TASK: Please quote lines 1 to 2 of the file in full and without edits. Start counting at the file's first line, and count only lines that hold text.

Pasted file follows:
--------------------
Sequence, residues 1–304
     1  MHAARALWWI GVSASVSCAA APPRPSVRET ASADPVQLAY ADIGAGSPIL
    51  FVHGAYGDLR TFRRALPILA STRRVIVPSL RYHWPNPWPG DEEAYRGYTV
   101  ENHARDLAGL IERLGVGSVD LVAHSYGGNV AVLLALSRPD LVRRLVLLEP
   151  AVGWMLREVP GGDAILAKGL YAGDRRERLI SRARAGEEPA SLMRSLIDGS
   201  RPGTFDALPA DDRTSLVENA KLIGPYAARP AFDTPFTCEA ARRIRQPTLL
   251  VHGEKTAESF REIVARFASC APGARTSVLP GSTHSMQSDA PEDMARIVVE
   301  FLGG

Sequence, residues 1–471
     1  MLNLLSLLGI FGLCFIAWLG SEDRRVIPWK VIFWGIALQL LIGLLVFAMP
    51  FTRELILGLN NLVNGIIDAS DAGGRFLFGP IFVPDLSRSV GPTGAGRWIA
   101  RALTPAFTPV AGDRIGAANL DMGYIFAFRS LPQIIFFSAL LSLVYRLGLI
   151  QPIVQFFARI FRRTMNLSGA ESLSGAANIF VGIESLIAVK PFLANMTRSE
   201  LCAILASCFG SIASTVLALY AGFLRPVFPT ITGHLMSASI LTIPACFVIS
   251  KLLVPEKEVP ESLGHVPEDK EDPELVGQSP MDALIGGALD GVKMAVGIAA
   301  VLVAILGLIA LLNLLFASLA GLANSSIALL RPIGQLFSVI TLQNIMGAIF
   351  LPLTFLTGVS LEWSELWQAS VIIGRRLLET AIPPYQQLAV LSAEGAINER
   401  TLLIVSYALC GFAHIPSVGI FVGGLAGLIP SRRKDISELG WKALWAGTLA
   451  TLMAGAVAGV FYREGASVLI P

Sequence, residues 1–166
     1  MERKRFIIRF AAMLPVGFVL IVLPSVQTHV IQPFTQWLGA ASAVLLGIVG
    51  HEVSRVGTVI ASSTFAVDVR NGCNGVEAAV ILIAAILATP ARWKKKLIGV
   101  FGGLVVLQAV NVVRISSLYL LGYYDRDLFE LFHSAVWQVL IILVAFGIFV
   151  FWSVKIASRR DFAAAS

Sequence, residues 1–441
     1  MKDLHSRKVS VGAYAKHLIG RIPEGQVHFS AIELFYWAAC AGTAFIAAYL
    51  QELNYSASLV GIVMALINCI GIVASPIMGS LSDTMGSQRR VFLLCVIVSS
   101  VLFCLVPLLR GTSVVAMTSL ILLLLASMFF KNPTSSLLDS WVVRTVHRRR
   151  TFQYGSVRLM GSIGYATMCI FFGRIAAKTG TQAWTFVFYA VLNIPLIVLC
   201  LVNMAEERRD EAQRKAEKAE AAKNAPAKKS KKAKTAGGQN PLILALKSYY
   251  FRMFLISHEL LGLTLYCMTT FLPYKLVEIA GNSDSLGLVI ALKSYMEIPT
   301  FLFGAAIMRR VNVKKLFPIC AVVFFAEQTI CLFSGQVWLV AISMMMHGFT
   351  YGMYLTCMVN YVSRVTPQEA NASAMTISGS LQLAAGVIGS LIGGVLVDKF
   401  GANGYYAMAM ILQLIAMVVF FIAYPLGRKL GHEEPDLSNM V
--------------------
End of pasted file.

Sequence, residues 1–304
     1  MHAARALWWI GVSASVSCAA APPRPSVRET ASADPVQLAY ADIGAGSPIL